I'm making a game that plays a bit like Diablo, but you can harvest resources like in an RTS.

I have the following states in my FSM: IdleState, ApproachingTargetCoordinateState, ApproachingTargetEntityState, CuttingTreeState.

When a user clicks a tree, Player.targetEntity is set to the corresponding Tree instance (which inherits from Entity) and the player's state is set to ApproachingTargetEntityState. When the player reaches the tree, a transition is made to CuttingTreeState. Shortly after, the tree is cut down, and state is changed back to IdleState.

At this point, I'd like the Player.targetEntity reference to be removed because its no longer needed. Where should I put the logic that does this?

I could do this in the CuttingTreeState#exit() method but that would only work in situations where everything happens as described above. If for instance the user clicks a random coordinate (not a tree) before the player reaches CuttingTreeState, CuttingTreeState#exit() is never run and so Player.targetEntity is never removed.

I can't put it in ApproachingTargetEntityState#exit() either, as that would remove the reference to the tree before we get to CuttingTreeState.

Another solution would be to just not care about Player.targetEntity. But it just feels wrong to me that the attribute is set for example when the player is in the IdleState.

How can I solve this problem? What is usually done?

  • \$\begingroup\$ How about clearing it on entry to the IdleState? \$\endgroup\$ Commented Aug 5, 2013 at 17:59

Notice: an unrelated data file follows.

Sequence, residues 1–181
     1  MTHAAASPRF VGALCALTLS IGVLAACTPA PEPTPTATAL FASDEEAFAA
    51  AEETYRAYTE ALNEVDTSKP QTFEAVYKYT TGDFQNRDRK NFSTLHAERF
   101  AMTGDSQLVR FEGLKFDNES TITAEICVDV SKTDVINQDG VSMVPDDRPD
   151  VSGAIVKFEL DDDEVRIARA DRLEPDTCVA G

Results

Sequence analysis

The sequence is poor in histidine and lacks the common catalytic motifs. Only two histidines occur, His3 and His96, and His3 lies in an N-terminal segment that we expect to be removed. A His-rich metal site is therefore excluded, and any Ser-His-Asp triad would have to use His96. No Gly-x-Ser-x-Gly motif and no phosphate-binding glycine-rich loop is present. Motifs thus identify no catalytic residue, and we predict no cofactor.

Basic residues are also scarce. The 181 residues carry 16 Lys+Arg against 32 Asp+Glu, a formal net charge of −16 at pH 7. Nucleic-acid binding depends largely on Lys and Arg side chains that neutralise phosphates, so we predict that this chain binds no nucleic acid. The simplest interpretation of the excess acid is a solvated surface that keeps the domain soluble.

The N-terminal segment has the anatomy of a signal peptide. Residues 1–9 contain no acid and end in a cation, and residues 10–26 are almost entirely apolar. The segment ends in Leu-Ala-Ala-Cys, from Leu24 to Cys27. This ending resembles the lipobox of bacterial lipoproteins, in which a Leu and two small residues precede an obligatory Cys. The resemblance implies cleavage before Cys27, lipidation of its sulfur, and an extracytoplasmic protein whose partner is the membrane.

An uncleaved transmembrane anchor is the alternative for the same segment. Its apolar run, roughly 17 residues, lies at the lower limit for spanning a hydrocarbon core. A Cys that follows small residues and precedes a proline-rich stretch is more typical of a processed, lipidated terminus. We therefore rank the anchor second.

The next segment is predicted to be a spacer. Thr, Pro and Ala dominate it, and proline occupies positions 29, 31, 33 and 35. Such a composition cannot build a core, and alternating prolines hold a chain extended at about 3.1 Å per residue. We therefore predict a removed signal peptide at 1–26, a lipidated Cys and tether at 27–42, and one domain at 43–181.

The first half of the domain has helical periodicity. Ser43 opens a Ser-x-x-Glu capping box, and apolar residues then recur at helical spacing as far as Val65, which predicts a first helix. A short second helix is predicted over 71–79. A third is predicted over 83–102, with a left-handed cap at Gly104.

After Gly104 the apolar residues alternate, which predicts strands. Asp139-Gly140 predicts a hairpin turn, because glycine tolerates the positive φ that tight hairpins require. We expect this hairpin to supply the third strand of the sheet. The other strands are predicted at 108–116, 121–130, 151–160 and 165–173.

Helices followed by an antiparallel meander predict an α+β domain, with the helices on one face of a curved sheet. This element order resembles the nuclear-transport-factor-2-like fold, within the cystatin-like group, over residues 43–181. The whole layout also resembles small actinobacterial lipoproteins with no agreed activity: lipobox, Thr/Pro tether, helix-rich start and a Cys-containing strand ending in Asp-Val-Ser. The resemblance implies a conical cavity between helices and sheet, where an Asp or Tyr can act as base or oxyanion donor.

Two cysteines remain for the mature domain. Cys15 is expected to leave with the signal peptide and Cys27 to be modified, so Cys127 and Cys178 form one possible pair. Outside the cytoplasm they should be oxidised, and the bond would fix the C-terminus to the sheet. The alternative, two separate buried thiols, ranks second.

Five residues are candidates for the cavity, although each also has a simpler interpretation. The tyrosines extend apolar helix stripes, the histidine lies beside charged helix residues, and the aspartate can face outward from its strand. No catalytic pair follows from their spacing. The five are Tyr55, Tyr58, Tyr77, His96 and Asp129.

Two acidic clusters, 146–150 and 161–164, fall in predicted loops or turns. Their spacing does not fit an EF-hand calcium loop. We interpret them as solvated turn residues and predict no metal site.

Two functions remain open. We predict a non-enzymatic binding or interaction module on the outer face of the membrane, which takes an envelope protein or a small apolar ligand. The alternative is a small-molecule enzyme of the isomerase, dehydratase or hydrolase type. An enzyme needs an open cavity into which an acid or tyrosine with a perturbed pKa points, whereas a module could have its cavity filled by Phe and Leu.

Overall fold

• \$\begingroup\$ Thank you for your reply @NathanReed! Potentially the player could be walking around in the ApproachingTargetCoordinateState for a long time before hitting IdleState, so clearing it in IdleState is only a half solution I think. Also, if you consider the concept of "separation of concerns", IdleState ideally shouldn't know anything about trees. \$\endgroup\$ Commented Aug 5, 2013 at 18:15

1 Answer 1


One option is as Nathan's comment, just identify when and where the values need to be cleaned up and do it manually there.

If you implement callback on the edges of a FSM rather than just the nodes, meaning chunks of code that are run on transition, then you can have a specific implementation of an edge from any of the Tree states to Idle allowing the idle state itself to be unaware of tree-specific details but allowing code to be reused for all of the possible ways into the idle state.

Another option is to use a hierarchical FSMs. You could have one "parent" state that is the Tree state or Idle or Combat or whatnot, and then a number of sub-states for Tree including Approaching, Cutting, etc. Now the variables are only stored in the Tree state so they are cleared/discarded when switching from Tree to Idle. The substates should have easy access to their parent's shared data.

You can make a base Targeting state class/definition that Tree/Combat/etc derives from which can then allow some common code and even sub-states to be shared between tree cutting, combat, whatever since your targeting is likely going to be common.

  • \$\begingroup\$ Great advice. Really helps a lot. I understand your idea about implementing edge callbacks, but I'm not sure how you'd be able to reuse code that way. Could you elaborate on that? Also, you are insinuating that I should store state attributes on the state instances themselves. I thought that was bad practice (compared to storing it on the game entity object), have I misunderstood something? \$\endgroup\$ Commented Aug 6, 2013 at 7:07
  • \$\begingroup\$ There's no such thing as bad practice, only designs that don't work well for a particular solution. That said, you could store them on the object and use on OnExit in a particular parent state to clean them up if you want, whatever works best for you. So far as your other question, just focus on a data-driven design and it should fall out of that. \$\endgroup\$ Commented Aug 6, 2013 at 16:39

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